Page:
Q: I am finding raw spots on the skin beneath the saddle up by my horse’s withers and am not sure what to do about it. I don’t see any problem with how the saddle sits on his back although he has lost a bit of weight in recent months. What should I do?
The ideal way to avoid saddle sores is to make sure your saddle fits well. Consult a professional saddle fitter to ensure that there aren’t any pressure points and that the saddle doesn’t shift on your horse’s back. The best saddle pads are those that wick away excess moisture from the skin and also don’t trap too much heat beneath the saddle.
Girth sores are best avoided by using materials that slide easily over the skin, such as smooth leather or neoprene; a fleece girth cover may provide a protective alternative. Check that the girth/cinch isn’t bunching up to cause a friction rub and that it hasn’t accumulated abrasive dirt or matted hair. After tightening the girth/cinch, stretch your horse’s front legs forward to release entrapped folds of skin. Figure out the correct tension on the girth/cinch, making it neither too snug nor too loose. Too loose and the saddle shifts side to side; too tight causes pinching and chafing.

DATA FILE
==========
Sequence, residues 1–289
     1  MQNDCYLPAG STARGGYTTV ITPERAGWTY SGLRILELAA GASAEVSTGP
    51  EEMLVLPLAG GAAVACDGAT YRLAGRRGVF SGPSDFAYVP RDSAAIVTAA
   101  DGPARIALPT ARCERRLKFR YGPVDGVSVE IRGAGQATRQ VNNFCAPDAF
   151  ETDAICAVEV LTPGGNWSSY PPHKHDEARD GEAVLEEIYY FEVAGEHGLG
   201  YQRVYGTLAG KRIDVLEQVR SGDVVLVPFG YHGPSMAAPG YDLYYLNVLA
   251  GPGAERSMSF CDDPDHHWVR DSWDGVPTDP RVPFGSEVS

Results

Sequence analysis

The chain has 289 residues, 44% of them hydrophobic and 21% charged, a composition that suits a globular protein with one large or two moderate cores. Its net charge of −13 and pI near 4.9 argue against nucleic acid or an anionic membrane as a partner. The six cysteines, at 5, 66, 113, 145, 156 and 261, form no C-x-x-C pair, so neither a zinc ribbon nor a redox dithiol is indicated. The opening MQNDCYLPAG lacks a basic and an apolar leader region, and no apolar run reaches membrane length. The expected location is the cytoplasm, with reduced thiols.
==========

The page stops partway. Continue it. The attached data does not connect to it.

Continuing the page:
The key to treating girth or saddle sores is to rest the inflamed tissue. Foremost of importance is to refrain from riding to give your horse’s tack gall time to heal. During this time, you can identify and modify the inappropriate equipment that caused the lesion. Treat the gall as with any wound – clean it well and if the injury is fresh, cold therapy (ice packs) helps to reduce inflammation. A water-soluble ointment, vitamin E or aloe cream keeps the sore soft and pliable and protected. Application of diaper rash products, like Desitin, can dry up a weeping wound for the initial treatment. Insect repellants around the area protect the gall from fly irritation.
Your goal is to have the skin heal up as good as new to prevent recurrence. It usually takes 2-3 weeks to heal a skin wound, although deeper wounds may take longer. Patience in staying out of the saddle is important so you don’t stress the tissue prematurely before it has had a chance to heal.
Nancy S. Loving, DVM, is a performance horse veterinarian based in Boulder, Colo., and is the author of All Horse Systems Go.
This article originally appeared in the October 2015 issue of Horse Illustrated magazine. Click here to subscribe!